WHO wants total ban on tobacco advertising

WHO wants total ban on tobacco advertising

Let’s be serious for a few minutes.

The World Health Organization, WHO recently urged governments to protect the world’s 1.8 billion young people by imposing a ban on all tobacco advertising, promotion and sponsorship. The article originally publilshed at http://www.who.int/mediacentre/news/releases/2008/pr17/en/index.html is printed below.


  The WHO’s call to action comes on the eve of World No Tobacco Day, 31 May. This year’s campaign focuses on the multi-billion dollar efforts of tobacco companies to attract young people to its addictive products through sophisticated marketing.

Recent studies prove that the more young people are exposed to tobacco advertising, the more likely they are to start smoking. Despite this, only 5% of the world’s population is covered by comprehensive bans on tobacco advertising, promotion and sponsorship. Tobacco companies, meanwhile, continue targeting young people by falsely associating use of tobacco products with qualities such as glamour, energy and sex appeal.

“In order to survive, the tobacco industry needs to replace those who quit or die with new young consumers,” said WHO Director-General Dr Margaret Chan. “It does this by creating a complex ‘tobacco marketing net’ that ensnares millions of young people worldwide, with potentially devastating health consequences.”

“A ban on all tobacco advertising, promotion and sponsorship is a powerful tool we can use to protect the world’s youth,” the Director-General added.

Since most people start smoking before the age of 18, and almost a quarter of those before the age of 10, tobacco companies market their products wherever youth can be easily accessed – in the movies, on the Internet, in fashion magazines and at music and sports venues. In a WHO study of 13 to 15-year-olds in schools worldwide, more than 55% of students reported seeing advertisements for cigarettes on billboards in the previous month, while 20% owned an item with logo of a cigarette brand on it.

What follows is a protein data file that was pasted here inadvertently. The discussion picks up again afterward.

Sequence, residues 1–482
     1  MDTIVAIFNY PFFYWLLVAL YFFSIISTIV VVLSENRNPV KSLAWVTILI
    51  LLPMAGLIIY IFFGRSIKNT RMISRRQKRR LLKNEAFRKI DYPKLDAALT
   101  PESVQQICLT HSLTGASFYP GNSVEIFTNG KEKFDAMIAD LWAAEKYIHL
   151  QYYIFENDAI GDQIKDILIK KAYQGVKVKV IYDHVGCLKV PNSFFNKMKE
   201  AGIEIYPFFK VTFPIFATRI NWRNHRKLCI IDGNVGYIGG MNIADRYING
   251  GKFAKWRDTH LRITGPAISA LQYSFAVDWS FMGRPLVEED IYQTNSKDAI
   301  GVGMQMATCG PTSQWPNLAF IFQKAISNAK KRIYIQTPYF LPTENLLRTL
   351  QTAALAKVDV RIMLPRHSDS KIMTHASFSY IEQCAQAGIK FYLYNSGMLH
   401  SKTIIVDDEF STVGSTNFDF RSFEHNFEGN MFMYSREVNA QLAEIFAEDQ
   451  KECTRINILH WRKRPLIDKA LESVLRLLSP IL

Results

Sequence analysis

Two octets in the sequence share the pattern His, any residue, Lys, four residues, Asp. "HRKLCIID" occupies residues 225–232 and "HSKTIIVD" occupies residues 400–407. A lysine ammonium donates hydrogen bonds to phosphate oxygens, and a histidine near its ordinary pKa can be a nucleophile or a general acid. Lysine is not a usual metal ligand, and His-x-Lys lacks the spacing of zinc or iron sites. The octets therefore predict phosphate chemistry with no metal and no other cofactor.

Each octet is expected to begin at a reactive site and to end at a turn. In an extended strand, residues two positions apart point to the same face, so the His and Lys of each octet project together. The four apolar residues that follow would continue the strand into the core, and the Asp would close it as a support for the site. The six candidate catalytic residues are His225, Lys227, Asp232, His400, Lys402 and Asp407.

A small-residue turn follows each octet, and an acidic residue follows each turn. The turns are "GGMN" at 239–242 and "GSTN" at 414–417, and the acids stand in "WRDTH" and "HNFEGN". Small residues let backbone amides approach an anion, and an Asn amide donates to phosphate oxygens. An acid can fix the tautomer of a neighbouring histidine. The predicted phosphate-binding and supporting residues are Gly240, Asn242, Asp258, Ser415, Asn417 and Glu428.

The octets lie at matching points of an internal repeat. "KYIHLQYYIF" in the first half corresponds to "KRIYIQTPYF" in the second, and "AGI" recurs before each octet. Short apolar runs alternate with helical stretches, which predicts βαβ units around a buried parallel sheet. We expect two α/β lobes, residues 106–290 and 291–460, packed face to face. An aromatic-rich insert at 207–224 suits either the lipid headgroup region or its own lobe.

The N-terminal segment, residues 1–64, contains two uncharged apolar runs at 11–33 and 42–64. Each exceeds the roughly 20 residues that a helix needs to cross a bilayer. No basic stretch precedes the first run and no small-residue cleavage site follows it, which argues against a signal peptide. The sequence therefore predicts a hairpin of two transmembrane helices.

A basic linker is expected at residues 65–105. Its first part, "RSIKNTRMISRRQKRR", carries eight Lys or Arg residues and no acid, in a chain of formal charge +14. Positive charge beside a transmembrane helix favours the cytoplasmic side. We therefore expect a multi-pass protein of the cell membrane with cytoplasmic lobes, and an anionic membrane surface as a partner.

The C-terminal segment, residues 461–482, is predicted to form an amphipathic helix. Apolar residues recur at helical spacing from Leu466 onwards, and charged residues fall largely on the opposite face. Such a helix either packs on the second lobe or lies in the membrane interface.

But it is the developing world, home to more than 80% of the world’s youth, which is most aggressively targeted by tobacco companies. Young women and girls are particularly at risk, with tobacco companies seeking to weaken cultural opposition to their products in countries where women have traditionally not used tobacco.

“The tobacco industry employs predatory marketing strategies to get young people hooked to their addictive drug,” said Dr Douglas Bettcher, Director of WHO’s Tobacco Free Initiative. “But comprehensive advertising bans do work, reducing tobacco consumption by up to 16% in countries that have already taken this legislative step.”

“Half measures are not enough,” added Dr Bettcher. “When one form of advertising is banned, the tobacco industry simply shifts its vast resources to another channel. We urge governments to impose a complete ban to break the tobacco marketing net,” he said.

Rob’s Megaphone sends kudos to the World Health Organization for calling for a ban on tobacco advertising.

For further information contact:

Alison Clements-Hunt
Communications Officer
Tobacco Free Initiative, WHO
Telephone: +41 22 791 55 39
Mobile: +41 79475 5551
E-mail: clementshunta@who.int

Stéfanie Laniel
Communications Officer
Tobacco Free Initiative, WHO
Telephone:+ 41 22 791 1018
Mobile: +41 79 475 5524
E-mail: laniels@who.int

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About robertstevenson

Dr. Robert Stevenson is a Professor of Journalism and Director of Student Publications for the Department of Mass Communications and Theater at Lander University in Greenwood, SC. He received the Distinguished Faculty of the Year award for 2007-'08, and the Lander University Young Faculty Scholar Award in 2005-06. Stevenson also serves as chair of the Lander University American Democracy Project. First and Formost I am a dad of two wonderful boys.
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6 Responses to WHO wants total ban on tobacco advertising

  1. dani says:

    Awesome !!!! It’s about damned time we try to do something about it.

  2. Joe says:

    As much as an advertising ban would help, product placement is more dangerous. When Sara Jessica Parker is seen smoking, it may be viewed as more socially acceptable than an unknown person in a commercial.

  3. name says:

    Who cares about tobacco, what we really need is a total ban on all advertising.

  4. Praning5254 says:

    This should have been done years ago. Strict implementation should also be observed in order to make this ban effective. Massive campaign must be done and information dissemination on its negative effects on health must be exercised.

  5. OBA says:

    Sorry no comment might incriminate myself

    Smoker here

    Good article though and I am without prejudice

  6. timethief says:

    I cracked up when I read name’s post above. A total ban on all advertising would truly be a a gift to remember.

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